A drinking scene on an image stone from Gotland, Swedish Museum of National Antiquities, Stockholm.

Drinking ceremonies played a very important social role in Viking Age Scandinavia and Anglo-Saxon England.

Who was the Best King of Anglo-Saxon England?

alfred the great king of wessex

There are many rulers and kings from Anglo-Saxon England. Here are ten of the most well-known – who was the best?

The Anglo-Saxon War-Culture and The Lord of the Rings: Legacy and Reappraisal

The Lord of the Rings - Aragorn

The literature of war in English claims its origin from the Homeric epics, and the medieval accounts of chivalry and the crusades.

The Early Medieval Cutting Edge of Technology

anglo saxon knife from the British Museum

Comparison of knives from England, Dublin and Europe revealed that the Vikings had little direct impact on England’s knife manufacturing industry, although there was a change in manufacturing methods in the 10th century towards the mass produced sandwich welded knife.

Sweotol Tacen / A Clear Token: The Anglo-Saxon Tacen and the Medieval Donor’s Model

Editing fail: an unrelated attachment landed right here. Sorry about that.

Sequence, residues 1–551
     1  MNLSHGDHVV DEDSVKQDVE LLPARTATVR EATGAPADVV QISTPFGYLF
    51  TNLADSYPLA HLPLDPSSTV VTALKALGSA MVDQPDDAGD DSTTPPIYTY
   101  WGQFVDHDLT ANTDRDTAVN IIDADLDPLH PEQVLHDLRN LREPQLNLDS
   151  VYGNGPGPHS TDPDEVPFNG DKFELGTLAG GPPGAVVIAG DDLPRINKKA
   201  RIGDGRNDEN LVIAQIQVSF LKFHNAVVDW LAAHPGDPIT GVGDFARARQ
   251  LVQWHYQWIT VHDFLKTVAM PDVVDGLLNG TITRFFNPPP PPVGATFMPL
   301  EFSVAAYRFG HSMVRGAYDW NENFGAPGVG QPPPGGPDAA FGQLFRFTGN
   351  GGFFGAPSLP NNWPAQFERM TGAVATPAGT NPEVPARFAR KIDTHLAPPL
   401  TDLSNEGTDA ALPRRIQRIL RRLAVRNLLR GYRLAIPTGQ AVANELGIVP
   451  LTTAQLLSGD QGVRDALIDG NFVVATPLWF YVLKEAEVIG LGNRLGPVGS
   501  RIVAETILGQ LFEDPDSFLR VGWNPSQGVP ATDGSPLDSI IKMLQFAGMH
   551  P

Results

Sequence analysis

Miniature of St. Peter Enthroned, In 'Aelfwine's Prayerbook'

The Anglo-Saxon patron often commissioned images in which he or she bears a visual rendering of his or her donation.

Domiciling the Evangelists in Anglo-Saxon England: a Fresh Reading of Aldred’s colophon in the Lindisfarne Gospels

Aldred's colophon

What is actually reliable about this highly literary colophon is Aldred’s purpose in writing the gloss: to give the Evangelists a voice to address ‘all the brothers’− particularly the Latinless.

The Anglo-Saxon runic poem: a critical reassessment

Copy of the Anglo-Saxon rune poem in George Hickes' "Linguarum veterum septentrionalium thesaurus grammatico-criticus et archæologicus" (Oxford, 1705), copied from Cotton MS Otho B.x folios 165a-165b, which was destroyed in the 1731 fire.

I consider the runic poem in its most basic form, as a runic alphabet, and compare its runes and rune-names with the other Anglo-Saxon runic material collected in the Thesaurus.

The Lindisfarne Gospels: A Living Manuscript

Lindisfarne Gospels

This article questions how current and previous owners have marked the Lindisfarne Gospels, created 1,300 years ago. Their edits, which would be frowned upon today, are useful for historians to understand how the Gospels have been valued by previous owners and thus why they are so treasured today.

Alfred the Great, King of Wessex

alfred the great king of wessex

Therefore a man never attains virtue and excellence through his power; rather he attains power and authority through his virtue… Study wisdom, therefore, and when you have learned it, do not neglect it, for I say to you without hesitation that you can attain authority through wisdom

The Prologue to Alfred’s Law Code: Instruction in the Spirit of Mercy